Picks of the week: The X Factor NZ and The Voice Australia
Who will be the next Stan Walker? Or even the next One Direction? Because you never know, the new Harry Styles and co could just be little Tommy Taylor and his mates from Timaru.
At least that's the sort of talent The X Factor NZ will be hoping to weed out when the Kiwi version of the Simon Cowell-created show starts on TV3 this week. Hosted by Dominic Bowden, and with a judging panel made up of former All Saint Melanie Blatt, Kiwi-born, British-raised pop star Daniel Bedingfield, up-and-coming local pop princess Ruby Frost, and the Australian Idol winner-turned-chart topper, Walker, the show kicks off with the auditions, where 6000 wannabes sang and strutted their stuff at cities and towns around New Zealand.
In the first episode, a brother and sister from Gore go against each other for a place in the competition, and the judges are blown away by a talented Kerikeri supermarket worker.
In the coming weeks, the successful contestants from the auditions head to "boot camp", and are split into four categories - under-25 boys, under-25 girls, over 25s and groups - with each group mentored by one of the judges. The final 12 will perform live each week.
Walker says the level of talent they came across was incredible. "It's so natural and undiscovered and everyone is really humble, it's the New Zealand way," he says.
Then again, as Bedingfield told TimeOut last week, if Mr Nice Guy Walker had his way he'd let anyone who was half decent through.
Yet Bedingfield agrees that there are great Kiwi voices out there - but only the very best will make it.
"I think these type of shows really have potential to bring the great talent forward. But I have no tolerance at all for bad music, and I've done everything I can to be sure average people do not get through, to protect the people with true talent."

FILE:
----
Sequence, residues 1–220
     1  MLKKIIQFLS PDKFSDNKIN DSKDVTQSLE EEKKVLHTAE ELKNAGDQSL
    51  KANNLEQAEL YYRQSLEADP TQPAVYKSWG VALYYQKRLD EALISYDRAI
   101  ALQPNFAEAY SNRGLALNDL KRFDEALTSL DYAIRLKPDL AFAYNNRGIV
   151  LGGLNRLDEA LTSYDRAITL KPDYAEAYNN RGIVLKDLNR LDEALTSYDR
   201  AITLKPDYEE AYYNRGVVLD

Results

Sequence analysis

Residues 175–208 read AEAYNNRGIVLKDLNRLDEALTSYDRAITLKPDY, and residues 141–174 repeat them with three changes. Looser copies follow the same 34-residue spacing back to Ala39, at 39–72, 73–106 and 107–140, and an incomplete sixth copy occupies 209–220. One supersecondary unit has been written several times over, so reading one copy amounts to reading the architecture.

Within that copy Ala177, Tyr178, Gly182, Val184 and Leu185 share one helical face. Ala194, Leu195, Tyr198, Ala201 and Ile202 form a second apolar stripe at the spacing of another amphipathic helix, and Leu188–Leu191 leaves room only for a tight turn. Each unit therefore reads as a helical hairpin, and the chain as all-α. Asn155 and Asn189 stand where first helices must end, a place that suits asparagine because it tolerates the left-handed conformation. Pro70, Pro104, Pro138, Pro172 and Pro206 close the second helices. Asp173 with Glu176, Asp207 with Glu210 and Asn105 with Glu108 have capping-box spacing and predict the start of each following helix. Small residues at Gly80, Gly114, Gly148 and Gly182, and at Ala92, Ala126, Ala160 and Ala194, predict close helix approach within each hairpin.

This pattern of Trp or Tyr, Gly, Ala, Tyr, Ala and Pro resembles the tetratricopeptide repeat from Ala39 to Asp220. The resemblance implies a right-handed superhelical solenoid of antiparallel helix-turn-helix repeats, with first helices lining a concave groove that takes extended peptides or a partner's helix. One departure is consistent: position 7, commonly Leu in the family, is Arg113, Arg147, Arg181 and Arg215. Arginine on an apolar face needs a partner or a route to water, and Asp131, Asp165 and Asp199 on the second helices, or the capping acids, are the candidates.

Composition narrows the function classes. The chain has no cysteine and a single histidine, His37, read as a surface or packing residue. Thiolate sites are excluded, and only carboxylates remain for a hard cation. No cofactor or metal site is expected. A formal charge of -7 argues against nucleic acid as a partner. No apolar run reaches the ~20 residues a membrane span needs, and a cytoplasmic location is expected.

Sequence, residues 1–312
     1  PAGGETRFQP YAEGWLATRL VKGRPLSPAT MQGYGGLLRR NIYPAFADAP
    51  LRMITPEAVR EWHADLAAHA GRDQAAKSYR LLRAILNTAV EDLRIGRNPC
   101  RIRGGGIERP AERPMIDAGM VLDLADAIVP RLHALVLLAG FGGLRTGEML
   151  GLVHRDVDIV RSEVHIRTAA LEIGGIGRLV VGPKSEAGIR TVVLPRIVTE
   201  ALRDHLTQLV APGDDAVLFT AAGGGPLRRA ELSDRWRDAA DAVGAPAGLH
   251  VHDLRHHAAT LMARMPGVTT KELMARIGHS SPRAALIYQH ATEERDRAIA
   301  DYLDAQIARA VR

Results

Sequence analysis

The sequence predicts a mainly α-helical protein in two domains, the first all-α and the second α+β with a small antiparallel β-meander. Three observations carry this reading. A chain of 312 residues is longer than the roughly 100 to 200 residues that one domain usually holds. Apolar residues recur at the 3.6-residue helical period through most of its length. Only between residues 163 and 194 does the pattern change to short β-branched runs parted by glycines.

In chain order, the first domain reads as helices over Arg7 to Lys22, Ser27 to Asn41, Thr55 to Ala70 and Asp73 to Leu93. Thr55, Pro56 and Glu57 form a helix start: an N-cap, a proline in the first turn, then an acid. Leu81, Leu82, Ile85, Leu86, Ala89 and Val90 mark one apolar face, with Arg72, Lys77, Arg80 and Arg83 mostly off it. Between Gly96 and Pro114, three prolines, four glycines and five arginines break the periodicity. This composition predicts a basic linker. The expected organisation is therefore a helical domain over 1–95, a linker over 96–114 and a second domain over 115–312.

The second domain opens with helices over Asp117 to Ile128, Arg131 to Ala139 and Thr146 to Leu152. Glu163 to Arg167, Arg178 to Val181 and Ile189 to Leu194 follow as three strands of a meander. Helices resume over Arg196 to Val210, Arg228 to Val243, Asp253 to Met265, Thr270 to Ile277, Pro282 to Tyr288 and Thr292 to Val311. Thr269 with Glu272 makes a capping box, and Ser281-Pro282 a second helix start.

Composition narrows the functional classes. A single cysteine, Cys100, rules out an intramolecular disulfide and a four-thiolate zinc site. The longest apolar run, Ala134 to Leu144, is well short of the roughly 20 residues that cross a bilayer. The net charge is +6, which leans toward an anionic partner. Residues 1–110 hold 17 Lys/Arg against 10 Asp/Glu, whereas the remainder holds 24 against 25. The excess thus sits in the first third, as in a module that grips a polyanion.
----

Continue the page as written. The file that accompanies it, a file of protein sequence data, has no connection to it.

Meanwhile, on TV2 on Friday nights, is the latest series of The Voice Australia, with its unique format and a focus on the quality of a contestant's voice. Australia has big pulling power when it comes to judges, with Ocker golden girl Delta Goodrem back in the hot seat along with Seal and Joel Madden, and Latin star Ricky Martin is the new judge, replacing Keith Urban.
The show starts with blind auditions; the judges-cum-coaches have their backs to the stage and select 14 artists to be on their teams, based on their voices alone.
The X Factor NZ
When: Sunday, 7pm; Monday, 7.30pm
What: In search of a Kiwi pop star
The Voice Australia
When: Friday, 7.30pm
What: Let me hear you sing
Nature pick: Chasing Ice
This feature-length documentary follows intrepid National Geographic photographer James Balog in his dedicated and dangerous work as part of his Extreme Ice Survey project. Using 25 time-lapse cameras set up at glaciers in Iceland, Greenland, Alaska and Montana, Balog's mission over three years was to give a visual perspective of how fast these icy areas are receding. As well as capturing stunning images, and witnessing "Manhattan-size" pieces of ice breaking off into the ocean, his main objective was to offer undeniable evidence about the radical impact climate change is having on the world. The documentary, by film-maker Jeff Orlowski, screened at last year's Auckland International Film Festival and also won best cinematography at the 2012 Sundance Film Festival.